A lack of substantial evidence led the 7th Circuit Court of Appeals to remand a social security case filed by a woman who was denied benefits despite being severely impaired by a brain tumor.
In 2007, Kelly Chavez was diagnosed with a brain tumor and underwent five surgeries at the age of 21. As a result, Chavez suffers from severe impairments that limit her abilities to performing only simple, routine tasks, with significant restrictions imposed on how much she can lift and carry.
After applying for supplemental security income in 2010 and receiving a hearing with an administrative law judge, Chavez’s request for benefits was denied at the last step of the process. Specifically, the vocational expert enlisted by the Social Security Administration to estimate the number of jobs suitable for Chavez offered two vastly different projections, testifying that for one specific job there were either 800 or 108,000 existing positions. The expert preferred the larger estimate, and the ALJ agreed with that choice.
However, the 7th Circuit Court vacated the district court’s decision, finding it was not supported by substantial evidence because the ALJ failed to ensure the vocational expert’s job estimates were reliable.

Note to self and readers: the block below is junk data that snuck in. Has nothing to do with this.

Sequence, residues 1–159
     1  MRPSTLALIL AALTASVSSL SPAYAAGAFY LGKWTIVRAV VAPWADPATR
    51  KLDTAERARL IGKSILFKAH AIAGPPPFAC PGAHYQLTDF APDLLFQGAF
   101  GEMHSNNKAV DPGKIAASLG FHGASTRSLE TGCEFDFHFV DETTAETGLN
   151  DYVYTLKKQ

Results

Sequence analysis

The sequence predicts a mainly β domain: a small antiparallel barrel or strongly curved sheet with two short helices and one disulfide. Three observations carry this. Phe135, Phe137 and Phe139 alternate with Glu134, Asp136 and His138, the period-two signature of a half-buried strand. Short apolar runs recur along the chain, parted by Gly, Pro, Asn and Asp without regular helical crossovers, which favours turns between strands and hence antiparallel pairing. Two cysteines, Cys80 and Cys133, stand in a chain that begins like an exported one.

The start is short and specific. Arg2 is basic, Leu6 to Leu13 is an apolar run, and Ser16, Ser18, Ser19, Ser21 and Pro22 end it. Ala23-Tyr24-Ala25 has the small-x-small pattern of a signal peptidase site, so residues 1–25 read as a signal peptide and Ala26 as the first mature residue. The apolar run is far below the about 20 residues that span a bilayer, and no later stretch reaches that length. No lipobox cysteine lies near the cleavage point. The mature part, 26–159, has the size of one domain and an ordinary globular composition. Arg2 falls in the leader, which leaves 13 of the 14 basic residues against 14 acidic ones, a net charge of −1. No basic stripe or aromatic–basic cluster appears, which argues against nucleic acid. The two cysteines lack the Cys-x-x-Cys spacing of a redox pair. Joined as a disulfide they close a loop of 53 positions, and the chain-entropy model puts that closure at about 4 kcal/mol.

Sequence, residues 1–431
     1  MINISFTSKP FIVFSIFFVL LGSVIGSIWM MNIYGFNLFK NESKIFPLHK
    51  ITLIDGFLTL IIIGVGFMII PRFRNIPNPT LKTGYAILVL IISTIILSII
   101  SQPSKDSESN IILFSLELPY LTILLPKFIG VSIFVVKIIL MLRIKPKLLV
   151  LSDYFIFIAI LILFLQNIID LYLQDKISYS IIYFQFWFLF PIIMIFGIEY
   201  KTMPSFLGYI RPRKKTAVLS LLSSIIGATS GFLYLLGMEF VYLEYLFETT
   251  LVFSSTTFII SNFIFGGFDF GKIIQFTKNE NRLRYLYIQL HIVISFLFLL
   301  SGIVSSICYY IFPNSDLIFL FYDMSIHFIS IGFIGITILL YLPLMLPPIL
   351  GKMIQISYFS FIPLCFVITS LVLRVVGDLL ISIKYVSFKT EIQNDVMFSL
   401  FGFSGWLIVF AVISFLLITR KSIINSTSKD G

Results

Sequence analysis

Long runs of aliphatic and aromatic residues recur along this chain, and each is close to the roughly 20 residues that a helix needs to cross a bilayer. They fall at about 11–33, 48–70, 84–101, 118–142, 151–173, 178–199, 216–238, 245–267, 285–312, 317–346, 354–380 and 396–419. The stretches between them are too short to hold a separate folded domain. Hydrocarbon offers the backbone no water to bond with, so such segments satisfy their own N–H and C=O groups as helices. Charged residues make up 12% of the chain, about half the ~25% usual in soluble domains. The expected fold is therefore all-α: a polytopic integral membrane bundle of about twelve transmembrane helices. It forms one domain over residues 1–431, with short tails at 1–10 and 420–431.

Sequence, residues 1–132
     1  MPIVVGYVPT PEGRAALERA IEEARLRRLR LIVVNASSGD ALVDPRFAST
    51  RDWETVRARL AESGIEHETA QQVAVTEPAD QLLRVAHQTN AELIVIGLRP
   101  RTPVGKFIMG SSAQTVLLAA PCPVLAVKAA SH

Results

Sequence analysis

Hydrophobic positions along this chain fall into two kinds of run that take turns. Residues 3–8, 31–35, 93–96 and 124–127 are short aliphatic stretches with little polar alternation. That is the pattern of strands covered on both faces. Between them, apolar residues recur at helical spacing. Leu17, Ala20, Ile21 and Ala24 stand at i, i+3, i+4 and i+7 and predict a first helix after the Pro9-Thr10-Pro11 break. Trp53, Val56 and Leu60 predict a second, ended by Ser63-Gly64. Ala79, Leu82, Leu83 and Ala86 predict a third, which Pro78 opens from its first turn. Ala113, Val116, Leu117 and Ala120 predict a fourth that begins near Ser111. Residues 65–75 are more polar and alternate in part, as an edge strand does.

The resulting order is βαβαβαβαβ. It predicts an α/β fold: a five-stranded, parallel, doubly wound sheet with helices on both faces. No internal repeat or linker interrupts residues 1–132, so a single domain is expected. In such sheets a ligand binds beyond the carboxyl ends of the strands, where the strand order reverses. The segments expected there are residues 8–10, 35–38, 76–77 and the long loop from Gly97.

“To the contrary, the vocational expert offered no affirmative explanation for why his estimates (or the method that produced them) were reliable and instead reached that conclusion through a process of elimination,” Judge Michael Scudder wrote for the court Wednesday.
The 7th Circuit found that the ALJ relieved the agency of its evidentiary burden at the final step of the disability analysis and impermissibly shifted the burden to Chavez when it gave such broad deference to the vocational expert’s chosen estimates. For example, when asked if the equal distribution method he used was reliable, the expert said he wasn’t sure if the method would “give a very accurate count on numbers.”
The 7th Circuit noted specific concerns with the expert’s use of the equal distribution method to determine the number of available jobs Chavez could perform, pointing out that the case entirely lacked any testimony from the expert explaining why he had a reasonable degree of confidence in his estimates. Citing four other cases from the last four years where that method was questioned, the court said its biggest concerns centered on the fact that the method rests on “an assumption about the relative distribution of jobs within a broader grouping that lacks any empirical footing.”
“The transcript leaves us with the conviction that the VE mechanically relied on outdated sources to estimate job numbers, without bringing any aspect of his extensive experience to bear on the reality of those numbers,” Scudder concluded. “The substantial evidence standard does not permit the shortcut, and too much is at stake for Chavez for us to take it.”
Thus, the 7th Circuit vacated and remanded the case of Kelly Chavez v. Nancy Berryhill,17‐2978, for further proceedings.